The Serpent is a BBC crime drama on Charles Sobhraj which is currently streaming on Netflix. It is a well shot thriller with mostly strong performances by Tahar Rahim and Jenna Coleman but it falls short in terms of its story telling and out of place protagonists. It also packs a great score composed by Dominik Scherrer.
The Serpent Series Plot
The Serpent revolves around the global criminal Charles Sobhraj. The show explores his crimes, murders and robberies in a series of locations, through a series of different ways.
The Serpent Series Cast
- Tahar Rahim as Charles Sobhraj
- Jenna Coleman as Marie-Andrée Leclerc
- Billy Howle as Herman Knippenberg
- Ellie Bamber as Angela Knippenberg
- Amesh Edireweera as Ajay Chowdhury
The Serpent Series Review
The Serpent is about the life and crimes of Charles Sobhraj. It expands and explores his various instances and victims by jumping through timelines and circumstances. How three people drugged, robbed and killed innocent travellers is just a small part of the many gut wrenching scenes in this show. However, its storytelling is what keeps it behind from becoming something special. From the first episode itself, we are introduced to three different victims and their timelines. Tahar Rahim, in my opinion, does a fantastic job in bringing out the ruthlessness of this global criminal, but the same can’t be said about the uncanny charisma which Charles possessed and seduced his victims with. After a first few slow episodes, The Serpent picks up the pace and raises the stakes for Sobhraj, and from then on, its aura started to become even more captivating. And if it weren’t for the weird timelines and some weak performances, The Serpent could have easily been one of the best crime shows to come out in recent times.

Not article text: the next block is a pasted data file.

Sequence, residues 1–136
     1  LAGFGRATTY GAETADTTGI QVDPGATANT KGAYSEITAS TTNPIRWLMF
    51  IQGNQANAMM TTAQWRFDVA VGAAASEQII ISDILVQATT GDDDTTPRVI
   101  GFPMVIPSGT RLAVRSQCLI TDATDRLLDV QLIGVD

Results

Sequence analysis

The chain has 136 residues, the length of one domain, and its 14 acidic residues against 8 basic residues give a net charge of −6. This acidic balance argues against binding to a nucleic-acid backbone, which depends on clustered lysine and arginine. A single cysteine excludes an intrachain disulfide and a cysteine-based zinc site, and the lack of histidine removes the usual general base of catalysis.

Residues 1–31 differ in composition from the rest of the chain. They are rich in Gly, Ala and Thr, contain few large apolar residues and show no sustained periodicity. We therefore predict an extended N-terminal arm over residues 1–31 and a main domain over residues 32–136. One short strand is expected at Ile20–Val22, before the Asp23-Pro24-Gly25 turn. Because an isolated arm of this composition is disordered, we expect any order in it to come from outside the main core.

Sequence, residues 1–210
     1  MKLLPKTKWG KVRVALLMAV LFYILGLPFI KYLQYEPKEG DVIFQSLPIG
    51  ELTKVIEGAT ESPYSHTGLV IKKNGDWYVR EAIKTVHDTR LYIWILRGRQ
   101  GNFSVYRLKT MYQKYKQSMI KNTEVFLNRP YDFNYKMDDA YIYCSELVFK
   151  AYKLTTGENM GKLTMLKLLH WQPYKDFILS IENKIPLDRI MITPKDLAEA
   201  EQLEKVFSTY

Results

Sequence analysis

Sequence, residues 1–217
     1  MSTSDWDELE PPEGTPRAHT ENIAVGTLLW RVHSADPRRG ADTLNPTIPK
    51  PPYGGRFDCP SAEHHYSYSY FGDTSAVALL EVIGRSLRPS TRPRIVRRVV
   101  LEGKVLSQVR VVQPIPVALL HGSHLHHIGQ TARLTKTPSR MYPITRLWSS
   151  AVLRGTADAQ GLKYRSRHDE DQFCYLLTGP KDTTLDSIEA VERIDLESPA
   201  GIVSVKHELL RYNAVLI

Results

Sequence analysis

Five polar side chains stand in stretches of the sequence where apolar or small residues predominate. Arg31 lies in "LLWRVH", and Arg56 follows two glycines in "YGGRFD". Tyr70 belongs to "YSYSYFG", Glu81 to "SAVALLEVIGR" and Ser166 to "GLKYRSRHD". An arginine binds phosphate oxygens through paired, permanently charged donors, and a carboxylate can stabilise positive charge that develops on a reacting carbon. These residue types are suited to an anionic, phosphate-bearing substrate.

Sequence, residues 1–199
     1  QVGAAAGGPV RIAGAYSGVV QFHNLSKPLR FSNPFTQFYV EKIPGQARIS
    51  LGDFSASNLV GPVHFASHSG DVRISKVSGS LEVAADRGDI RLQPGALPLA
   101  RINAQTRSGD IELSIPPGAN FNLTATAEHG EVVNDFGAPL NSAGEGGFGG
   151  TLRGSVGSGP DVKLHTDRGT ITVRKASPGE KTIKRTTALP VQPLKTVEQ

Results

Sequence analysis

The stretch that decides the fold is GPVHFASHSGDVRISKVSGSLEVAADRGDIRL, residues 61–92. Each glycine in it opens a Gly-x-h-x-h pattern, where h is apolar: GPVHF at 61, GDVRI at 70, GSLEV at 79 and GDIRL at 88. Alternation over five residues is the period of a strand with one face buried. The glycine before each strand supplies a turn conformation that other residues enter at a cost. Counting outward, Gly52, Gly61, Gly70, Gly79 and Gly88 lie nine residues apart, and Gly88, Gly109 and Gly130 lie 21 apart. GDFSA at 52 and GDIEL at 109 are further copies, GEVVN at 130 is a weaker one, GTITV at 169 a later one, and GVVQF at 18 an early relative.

Charles Sobhraj (Played by Tahar Rahim), is a notorious criminal who is seen operating from Bangkok. His accomplices, Marie (Played by Jenna Coleman) and Ajay (Played by Amesh Edireweera), are both supportive and accepting of what Charles does to bring money into the house. Their primary plan always revolves around seducing travellers who seem lonely and distracted in their lives. Charles has an eye for Strangers like these and with some persuasion and a clever use of drugs, he brings them into Kanit House. Fraud vigilance is something which is negligible, especially in the third world countries where Charles usually operated from. So it became all too easy for him to steal the traveller cheques and cash their entire savings in an instant, leaving his victims broke and hopeless. Apart from that, Charles doesn’t often trust anyone, especially his victims. So the next resort is to kill them and make their bodies so unidentifiable, that the police spend most of their time recognizing them before actually investigating. It is the perfect plan which consists of deception, brutality and sheer ruthlessness, which summarizes the character of Charles Sobhraj. And everything goes smoothly for them until a Dutch Diplomat starts investigating a case of two Dutch Travellers who went missing in Bangkok.
The Serpent Series: Violence left to visualization
The Serpent is rigid and enjoyable in its horror and aura. There is very little violence in the show, yet the description of the incidents alone creates so much tension and anxiety in the minds of the viewer. Where Charles is adamant, ruthless and egoist, his lover Marie is conflicted and eerily empathetic. The dynamic between these two characters fleshes the deceptive avatar of Charles even more. How he is willing to let go of anyone and everyone in his path to achieve a total victory is heavily brought into focus. There are always the lies of moving into the new life, which is devoid of crime and filled with love. But the circumstances that Charles creates for himself never really allows any of this to happen. More than the character development of Charles himself, I particularly enjoyed watching Marie tolerate everything Charles does, and still stay by his side.